Ray Jefferson

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Ray Jefferson
Ray Jefferson.jpg
Ray Jefferson, leadership consultant and former government executive
EducationU.S. Military Academy, Kennedy School of Government, Harvard Business School
OccupationManagement consultant

Ray Jefferson is the President of Jefferson Group, and is a leadership practitioner, speaker, and consultant to senior executives and major companies and organizations around the world. Known for his work in organizational transformation, performance improvement, inspirational leadership, and team development Jefferson served as an official and head of a national agency in the administration of President Barack Obama and has held other leadership positions in the military and government sectors. He is a veteran of the U.S. Army's Presidential Honor Guard, 3rd Ranger Battalion (75th Ranger Regiment), and Special Forces (1st Special Forces Group). Ray is a member of the Asia Society, the Fulbright Association, the NAACP, the 75th Ranger Regiment Association, and the Special Forces Association. He was born and raised in Guilderland, New York, and now lives in Singapore, and considers home to be Honolulu, Hawaii.[1]


Jefferson graduated from the U.S. Military Academy at West Point with a major in leadership in 1988. He served as an Army Officer with the infantry, Rangers and Special Forces, with leadership positions in the U.S. Presidential Honor Guard, 3rd Ranger Battalion and 1st Special Forces Group. He served in Unit as Commander (A-Team), 1st Special Forces Group, Okinawa, Japan; Unit Commander, 3rd Ranger Battalion, Fort Benning, GA; and Unit Commander, Presidential Honor Guard, Washington, DC.

In 1999, he lost all five fingers on his left hand while attempting to protect his teammates from a hand grenade detonating prematurely during classified Special Forces training.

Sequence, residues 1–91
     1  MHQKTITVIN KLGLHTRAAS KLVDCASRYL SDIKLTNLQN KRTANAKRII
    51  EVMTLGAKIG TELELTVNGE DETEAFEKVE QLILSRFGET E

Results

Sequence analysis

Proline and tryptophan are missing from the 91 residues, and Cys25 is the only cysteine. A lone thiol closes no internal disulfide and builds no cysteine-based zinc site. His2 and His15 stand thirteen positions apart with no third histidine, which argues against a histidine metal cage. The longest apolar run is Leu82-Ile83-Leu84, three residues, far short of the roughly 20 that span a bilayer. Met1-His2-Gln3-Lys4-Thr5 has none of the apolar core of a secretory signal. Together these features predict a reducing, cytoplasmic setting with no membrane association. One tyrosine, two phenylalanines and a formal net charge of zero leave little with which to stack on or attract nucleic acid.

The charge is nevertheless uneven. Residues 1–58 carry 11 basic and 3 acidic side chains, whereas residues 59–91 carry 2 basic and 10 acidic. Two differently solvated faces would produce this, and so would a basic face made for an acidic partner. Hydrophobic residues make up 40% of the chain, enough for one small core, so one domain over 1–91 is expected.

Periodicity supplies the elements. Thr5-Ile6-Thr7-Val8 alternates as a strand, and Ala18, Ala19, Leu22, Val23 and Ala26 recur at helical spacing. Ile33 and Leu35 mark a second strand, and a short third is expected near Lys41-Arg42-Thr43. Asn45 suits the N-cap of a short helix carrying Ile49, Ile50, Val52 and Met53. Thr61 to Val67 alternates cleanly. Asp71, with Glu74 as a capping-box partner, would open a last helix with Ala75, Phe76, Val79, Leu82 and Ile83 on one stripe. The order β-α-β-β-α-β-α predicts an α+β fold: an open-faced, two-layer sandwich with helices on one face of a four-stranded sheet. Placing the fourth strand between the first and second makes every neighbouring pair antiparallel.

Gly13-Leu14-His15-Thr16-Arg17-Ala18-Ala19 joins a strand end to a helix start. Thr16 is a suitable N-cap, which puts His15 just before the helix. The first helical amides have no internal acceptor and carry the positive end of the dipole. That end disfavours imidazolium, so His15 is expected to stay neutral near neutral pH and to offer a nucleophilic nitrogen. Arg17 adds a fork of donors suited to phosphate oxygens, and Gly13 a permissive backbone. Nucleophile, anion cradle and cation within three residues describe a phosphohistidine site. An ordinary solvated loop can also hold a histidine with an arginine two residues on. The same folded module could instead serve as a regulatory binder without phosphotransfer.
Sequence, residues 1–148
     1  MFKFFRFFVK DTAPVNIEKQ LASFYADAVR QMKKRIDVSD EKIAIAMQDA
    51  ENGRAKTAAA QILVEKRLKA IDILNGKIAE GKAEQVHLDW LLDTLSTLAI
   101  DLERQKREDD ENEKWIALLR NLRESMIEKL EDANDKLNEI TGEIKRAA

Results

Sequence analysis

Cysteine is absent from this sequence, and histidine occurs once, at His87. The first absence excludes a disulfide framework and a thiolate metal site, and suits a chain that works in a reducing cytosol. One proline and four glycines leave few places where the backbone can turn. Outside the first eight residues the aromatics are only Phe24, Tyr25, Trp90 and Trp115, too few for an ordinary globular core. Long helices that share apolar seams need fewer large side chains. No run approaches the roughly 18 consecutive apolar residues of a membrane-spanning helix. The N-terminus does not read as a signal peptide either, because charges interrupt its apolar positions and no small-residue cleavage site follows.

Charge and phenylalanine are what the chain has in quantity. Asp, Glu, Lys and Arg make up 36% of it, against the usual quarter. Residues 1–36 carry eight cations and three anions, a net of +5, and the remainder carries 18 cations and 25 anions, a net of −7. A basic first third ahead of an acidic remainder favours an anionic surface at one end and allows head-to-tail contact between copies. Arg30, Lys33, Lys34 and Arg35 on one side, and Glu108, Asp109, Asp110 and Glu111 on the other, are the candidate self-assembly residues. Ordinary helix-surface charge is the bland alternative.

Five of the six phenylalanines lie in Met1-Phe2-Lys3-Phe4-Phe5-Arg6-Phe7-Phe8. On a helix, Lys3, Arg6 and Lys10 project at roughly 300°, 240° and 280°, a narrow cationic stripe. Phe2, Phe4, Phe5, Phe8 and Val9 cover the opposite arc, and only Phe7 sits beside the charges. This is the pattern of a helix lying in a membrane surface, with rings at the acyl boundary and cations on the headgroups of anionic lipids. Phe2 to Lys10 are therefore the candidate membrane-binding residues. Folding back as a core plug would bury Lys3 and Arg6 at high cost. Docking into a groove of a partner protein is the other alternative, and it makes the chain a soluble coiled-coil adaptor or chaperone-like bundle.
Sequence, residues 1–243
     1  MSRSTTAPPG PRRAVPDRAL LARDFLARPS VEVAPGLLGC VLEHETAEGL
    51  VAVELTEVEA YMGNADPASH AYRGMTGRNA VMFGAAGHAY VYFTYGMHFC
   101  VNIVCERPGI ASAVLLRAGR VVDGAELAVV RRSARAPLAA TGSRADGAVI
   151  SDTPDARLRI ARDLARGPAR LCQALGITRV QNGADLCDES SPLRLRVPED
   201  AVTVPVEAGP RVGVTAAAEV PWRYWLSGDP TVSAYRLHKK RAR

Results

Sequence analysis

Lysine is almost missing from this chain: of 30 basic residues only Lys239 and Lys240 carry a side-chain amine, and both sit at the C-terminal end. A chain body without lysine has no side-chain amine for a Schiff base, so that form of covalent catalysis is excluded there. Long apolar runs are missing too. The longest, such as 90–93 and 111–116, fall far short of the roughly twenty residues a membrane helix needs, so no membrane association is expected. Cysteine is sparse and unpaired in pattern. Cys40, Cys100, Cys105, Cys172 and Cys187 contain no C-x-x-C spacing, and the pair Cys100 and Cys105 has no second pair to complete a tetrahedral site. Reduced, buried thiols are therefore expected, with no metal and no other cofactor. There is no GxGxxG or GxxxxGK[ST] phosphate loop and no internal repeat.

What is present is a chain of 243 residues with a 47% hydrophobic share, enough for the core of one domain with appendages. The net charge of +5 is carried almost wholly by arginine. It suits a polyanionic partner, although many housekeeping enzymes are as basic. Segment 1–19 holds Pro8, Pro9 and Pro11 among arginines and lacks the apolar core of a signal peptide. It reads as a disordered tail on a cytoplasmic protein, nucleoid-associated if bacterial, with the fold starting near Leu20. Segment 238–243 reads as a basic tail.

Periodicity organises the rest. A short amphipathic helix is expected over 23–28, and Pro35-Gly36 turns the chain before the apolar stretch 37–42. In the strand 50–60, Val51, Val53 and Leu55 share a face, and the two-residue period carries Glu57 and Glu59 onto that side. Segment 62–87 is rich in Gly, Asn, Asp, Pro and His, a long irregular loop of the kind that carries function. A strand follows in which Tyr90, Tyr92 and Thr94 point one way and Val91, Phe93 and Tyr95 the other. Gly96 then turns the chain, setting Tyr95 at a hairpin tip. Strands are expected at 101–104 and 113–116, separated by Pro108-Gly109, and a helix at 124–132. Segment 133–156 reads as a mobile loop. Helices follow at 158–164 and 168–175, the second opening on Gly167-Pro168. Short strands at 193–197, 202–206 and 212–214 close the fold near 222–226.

After recuperating in Hawaii, Ray attended Harvard's Kennedy School of Government, earning a Master of Public Administration in Strategic Management (MPA) with Distinction as a Littauer Fellow. He then earned an MBA from Harvard Business School and was recognized with the Dean's Award for exceptional leadership and service.

Upon graduation, he was selected as a White House Fellow and worked as a Special Assistant to the U.S. Secretary of Commerce. Jefferson then served as a Fulbright Fellow in Singapore, where he studied leadership within Asian contexts (2001–2002).

From 2003–2004, he served as Deputy Director, State of Hawaii’s Department of Business, Economic Development & Tourism (DBEDT),[2] Honolulu. DBEDT’s mission involves creating jobs, facilitating business development, diversifying the economy and creating renewable energy initiatives. While at DBEDT, Ray Jefferson co-led the organizational transformation for a department of over 230 team members with an operating budget of $182 million.[3]

Jefferson then went on to become a Leadership Consultant with McKinsey & Company in Singapore (2006 – 2008) where he created and delivered leadership training and development programs for clients and offices throughout Asia. His focus areas were organizational change, inspirational leadership, top team development and peak performance.[2]